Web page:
Alan A. Lockard
Department of Economics, Binghamton University, Binghamton, NY 13902 - USA
Campaign Expenditures under Proportional
Representation and Plurality Voting
Abstract-This article compares proportional representation and plurality voting with respect
to the level of effort in the form of campaign expenditures and finds that, ceteris paribus,
campaign expenditures should be higher under plurality voting.
Keywords - Elections, campaign expenditures, proportional representation, plurality voting,
JEL classification codes - D72
Disproportionate Minority Contact (DMC) refers to the proportional overrepresentation of minority youth at each step of the juvenile justice system.
This book addresses the issue of color-blind racism through an examination of the circular logic used by the juvenile justice system to criminalize non-White youth.
Drawing on original data, including interviews with court and probation officers and juvenile self-reports, the authors call for a need to understand racial and ethnic inequality in the juvenile justice system from a structural perspective rather than simply at the level of individual bias.
This unique research will contribute to larger discussions on how race operates in the United States.
The European Union (EU) is often portrayed as sacrificing national diversity for European unity. This book explores the alternative of a flexible EU based on differentiated rather than uniform integration.
The authors combine normative theory with empirical research on political party actors to assess the desirability and political acceptability of differentiated integration as a means of accommodating heterogeneity in the EU. They examine the circumstances and institutional design needed for flexibility to promote rather than undermine fairness and democracy within and between member states.
Clear, balanced, and accessible, the book provides fresh thinking on the future of the EU.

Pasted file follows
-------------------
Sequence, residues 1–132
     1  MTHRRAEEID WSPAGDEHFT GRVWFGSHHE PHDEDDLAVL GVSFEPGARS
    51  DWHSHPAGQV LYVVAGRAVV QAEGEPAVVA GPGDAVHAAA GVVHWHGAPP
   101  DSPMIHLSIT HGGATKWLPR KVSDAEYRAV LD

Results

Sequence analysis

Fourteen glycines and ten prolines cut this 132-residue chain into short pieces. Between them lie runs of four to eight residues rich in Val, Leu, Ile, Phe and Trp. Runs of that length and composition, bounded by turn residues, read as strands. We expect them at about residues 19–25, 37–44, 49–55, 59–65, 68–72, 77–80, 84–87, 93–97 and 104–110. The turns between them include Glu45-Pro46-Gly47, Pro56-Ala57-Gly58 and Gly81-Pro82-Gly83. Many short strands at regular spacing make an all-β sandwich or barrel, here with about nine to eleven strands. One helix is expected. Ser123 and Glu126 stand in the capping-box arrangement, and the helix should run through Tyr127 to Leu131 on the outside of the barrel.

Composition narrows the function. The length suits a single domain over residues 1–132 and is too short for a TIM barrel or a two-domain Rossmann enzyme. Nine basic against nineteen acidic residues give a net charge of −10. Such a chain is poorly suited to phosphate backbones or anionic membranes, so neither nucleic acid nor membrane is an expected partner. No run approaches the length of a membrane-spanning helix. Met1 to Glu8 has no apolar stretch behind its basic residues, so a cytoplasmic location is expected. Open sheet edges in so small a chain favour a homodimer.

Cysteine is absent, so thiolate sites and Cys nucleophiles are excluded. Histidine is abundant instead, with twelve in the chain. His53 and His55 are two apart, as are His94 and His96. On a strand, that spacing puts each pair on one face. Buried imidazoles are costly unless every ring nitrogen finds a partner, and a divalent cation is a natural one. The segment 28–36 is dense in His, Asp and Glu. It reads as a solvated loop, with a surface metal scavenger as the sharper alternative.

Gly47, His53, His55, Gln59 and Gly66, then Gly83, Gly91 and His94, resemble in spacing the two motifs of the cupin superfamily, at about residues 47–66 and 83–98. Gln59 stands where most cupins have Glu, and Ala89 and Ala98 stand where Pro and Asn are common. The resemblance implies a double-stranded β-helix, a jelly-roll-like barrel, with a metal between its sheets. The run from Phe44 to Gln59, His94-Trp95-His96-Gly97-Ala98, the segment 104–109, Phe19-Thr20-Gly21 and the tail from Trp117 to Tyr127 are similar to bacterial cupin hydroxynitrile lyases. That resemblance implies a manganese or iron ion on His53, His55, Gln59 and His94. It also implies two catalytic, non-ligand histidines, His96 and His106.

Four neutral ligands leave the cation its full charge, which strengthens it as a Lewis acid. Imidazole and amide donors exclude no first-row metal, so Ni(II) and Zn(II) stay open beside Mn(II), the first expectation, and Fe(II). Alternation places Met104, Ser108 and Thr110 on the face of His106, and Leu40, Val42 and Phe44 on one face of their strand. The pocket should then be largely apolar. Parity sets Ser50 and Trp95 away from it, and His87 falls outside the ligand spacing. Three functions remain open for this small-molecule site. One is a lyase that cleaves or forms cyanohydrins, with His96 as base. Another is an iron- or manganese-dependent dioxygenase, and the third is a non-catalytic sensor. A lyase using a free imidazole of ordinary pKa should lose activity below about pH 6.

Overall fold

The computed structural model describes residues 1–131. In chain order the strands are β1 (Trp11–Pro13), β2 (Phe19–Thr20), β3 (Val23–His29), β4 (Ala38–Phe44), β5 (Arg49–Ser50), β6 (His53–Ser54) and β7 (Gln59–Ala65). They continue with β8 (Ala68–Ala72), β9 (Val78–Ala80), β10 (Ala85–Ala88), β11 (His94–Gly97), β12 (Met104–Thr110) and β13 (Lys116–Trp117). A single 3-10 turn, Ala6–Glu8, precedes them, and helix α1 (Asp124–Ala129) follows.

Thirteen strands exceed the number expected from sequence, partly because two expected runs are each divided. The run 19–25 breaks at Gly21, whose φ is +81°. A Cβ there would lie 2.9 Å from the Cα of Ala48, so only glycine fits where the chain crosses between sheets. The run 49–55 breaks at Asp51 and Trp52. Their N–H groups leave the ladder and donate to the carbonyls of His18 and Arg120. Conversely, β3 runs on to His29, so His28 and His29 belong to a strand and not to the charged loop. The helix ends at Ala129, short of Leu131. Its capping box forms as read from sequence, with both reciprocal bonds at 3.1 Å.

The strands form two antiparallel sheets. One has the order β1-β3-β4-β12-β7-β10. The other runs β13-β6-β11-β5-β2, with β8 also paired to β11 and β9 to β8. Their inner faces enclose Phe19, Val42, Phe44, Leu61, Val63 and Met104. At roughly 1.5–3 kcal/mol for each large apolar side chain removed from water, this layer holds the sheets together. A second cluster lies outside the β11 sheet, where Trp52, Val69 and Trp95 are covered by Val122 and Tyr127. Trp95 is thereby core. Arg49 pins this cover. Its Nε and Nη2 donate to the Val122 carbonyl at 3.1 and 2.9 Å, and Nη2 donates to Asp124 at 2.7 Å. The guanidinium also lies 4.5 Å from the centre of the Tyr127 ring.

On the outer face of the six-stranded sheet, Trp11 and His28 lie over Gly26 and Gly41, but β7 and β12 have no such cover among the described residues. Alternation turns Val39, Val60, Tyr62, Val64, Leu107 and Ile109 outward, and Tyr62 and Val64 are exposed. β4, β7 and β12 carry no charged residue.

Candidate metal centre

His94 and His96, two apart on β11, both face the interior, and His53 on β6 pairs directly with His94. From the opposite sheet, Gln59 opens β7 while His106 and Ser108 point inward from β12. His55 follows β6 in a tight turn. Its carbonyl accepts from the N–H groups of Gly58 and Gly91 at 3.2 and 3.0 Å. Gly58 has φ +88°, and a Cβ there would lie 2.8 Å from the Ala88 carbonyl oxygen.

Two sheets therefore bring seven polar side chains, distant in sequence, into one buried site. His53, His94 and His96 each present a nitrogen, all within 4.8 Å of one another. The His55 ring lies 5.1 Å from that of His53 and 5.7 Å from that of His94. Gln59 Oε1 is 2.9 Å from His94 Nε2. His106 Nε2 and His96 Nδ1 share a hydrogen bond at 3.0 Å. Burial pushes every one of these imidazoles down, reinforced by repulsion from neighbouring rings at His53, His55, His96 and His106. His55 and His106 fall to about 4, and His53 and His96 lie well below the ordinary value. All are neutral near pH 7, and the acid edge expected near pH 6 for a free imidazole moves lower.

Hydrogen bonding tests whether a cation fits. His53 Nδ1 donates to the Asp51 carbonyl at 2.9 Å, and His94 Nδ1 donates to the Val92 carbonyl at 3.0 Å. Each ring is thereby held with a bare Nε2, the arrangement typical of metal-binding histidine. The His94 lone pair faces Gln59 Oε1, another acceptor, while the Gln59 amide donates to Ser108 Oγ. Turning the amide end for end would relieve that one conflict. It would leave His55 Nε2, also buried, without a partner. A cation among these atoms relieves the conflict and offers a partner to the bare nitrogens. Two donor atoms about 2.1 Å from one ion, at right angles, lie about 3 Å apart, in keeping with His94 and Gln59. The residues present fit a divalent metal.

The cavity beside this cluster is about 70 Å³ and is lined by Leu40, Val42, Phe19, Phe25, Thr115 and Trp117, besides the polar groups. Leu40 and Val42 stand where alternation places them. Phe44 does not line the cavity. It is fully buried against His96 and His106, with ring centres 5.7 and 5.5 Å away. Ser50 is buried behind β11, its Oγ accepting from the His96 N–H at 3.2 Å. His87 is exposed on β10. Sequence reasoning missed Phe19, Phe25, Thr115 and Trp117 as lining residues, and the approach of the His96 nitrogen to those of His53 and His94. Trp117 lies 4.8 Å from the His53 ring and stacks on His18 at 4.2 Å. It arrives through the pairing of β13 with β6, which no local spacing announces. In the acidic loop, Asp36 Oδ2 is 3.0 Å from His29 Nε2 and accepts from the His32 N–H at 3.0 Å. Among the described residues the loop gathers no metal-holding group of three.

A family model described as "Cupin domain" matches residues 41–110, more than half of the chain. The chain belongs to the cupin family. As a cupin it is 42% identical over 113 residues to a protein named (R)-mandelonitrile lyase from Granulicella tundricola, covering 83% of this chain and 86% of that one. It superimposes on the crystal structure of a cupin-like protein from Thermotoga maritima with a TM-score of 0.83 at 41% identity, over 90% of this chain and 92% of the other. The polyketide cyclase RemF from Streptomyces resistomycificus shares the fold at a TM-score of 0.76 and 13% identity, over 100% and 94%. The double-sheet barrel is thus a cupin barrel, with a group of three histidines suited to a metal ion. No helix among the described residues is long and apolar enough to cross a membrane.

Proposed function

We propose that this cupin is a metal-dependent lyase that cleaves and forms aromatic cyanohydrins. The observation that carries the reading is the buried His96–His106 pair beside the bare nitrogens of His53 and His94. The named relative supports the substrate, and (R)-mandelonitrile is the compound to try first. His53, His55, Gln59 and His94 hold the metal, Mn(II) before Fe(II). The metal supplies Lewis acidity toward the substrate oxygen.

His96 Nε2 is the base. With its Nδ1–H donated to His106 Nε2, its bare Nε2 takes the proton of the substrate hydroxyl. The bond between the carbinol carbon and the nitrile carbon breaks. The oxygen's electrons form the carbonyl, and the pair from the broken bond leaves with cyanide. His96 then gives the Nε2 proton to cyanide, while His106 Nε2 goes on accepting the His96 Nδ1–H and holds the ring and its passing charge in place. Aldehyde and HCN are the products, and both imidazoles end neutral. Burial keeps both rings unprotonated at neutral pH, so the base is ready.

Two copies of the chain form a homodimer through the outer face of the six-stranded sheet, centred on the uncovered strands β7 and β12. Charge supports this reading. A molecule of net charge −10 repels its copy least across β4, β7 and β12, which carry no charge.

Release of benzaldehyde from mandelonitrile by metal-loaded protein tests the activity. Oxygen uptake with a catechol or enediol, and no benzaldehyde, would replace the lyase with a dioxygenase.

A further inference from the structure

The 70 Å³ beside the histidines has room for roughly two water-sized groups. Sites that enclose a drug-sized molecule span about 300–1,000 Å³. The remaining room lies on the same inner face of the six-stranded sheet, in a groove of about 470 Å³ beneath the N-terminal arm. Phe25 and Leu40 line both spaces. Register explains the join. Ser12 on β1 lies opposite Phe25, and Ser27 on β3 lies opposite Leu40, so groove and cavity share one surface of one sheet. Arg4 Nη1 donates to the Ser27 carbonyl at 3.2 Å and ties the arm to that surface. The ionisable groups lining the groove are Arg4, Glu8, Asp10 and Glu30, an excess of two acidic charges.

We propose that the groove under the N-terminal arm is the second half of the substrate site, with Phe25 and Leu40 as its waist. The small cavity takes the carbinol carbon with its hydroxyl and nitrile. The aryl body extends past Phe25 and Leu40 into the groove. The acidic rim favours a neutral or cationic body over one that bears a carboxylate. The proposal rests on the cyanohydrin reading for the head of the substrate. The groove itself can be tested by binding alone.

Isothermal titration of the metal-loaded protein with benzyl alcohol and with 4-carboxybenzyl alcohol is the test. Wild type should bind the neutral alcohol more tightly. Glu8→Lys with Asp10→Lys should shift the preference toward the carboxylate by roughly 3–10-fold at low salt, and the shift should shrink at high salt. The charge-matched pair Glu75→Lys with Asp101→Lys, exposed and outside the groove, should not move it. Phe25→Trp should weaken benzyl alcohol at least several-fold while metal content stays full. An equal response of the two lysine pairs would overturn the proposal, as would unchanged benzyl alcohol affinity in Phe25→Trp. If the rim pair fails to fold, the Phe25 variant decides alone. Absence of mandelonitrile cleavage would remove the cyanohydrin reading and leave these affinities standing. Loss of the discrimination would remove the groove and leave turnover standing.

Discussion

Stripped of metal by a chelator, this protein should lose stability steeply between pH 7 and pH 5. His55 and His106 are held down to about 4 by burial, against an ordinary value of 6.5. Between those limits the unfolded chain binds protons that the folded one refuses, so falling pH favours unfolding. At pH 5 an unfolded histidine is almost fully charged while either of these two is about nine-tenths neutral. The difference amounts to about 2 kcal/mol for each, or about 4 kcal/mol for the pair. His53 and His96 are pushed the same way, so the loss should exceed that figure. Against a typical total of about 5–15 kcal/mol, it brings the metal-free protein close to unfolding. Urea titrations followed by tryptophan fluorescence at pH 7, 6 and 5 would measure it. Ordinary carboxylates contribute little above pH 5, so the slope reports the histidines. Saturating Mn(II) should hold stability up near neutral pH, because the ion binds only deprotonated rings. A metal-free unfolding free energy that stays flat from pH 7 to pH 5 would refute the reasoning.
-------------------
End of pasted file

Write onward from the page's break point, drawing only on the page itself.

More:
Social research practitioners and others working in the public and voluntary sectors, in academia and consultancy are increasingly under pressure to provide policy-related evidence with limited resources and rising expectations. Demystifying evaluation is an accessible introductory guide setting the foundations for tackling those challenges, explaining the options open to evaluators, their merits and uses, and how to make appropriate choices of research methods.
Drawing on his experience of policy and programme evaluations for the public sector and outside, David Parsons provides a practical roadmap cutting across different evaluation theories. He covers issues such as managing expectations of evaluation, using and mixing quantitative and qualitative methods, engaging stakeholders and providing action-orientated approaches to help end-users.
Constitutional scholar Elliot Bulmer considers what Britain might learn from Westminster-derived constitutions around the world. Exploring the principles of Westminster Model constitutions and their impact on democracy, human rights and good government, this book builds to a bold re-imagining of the United Kingdom’s future written framework.
“Tackling prison overcrowding” is a response to controversial proposals for prisons and sentencing set out in by Lord Patrick Carter’s “Review of Prisons”, published in 2007.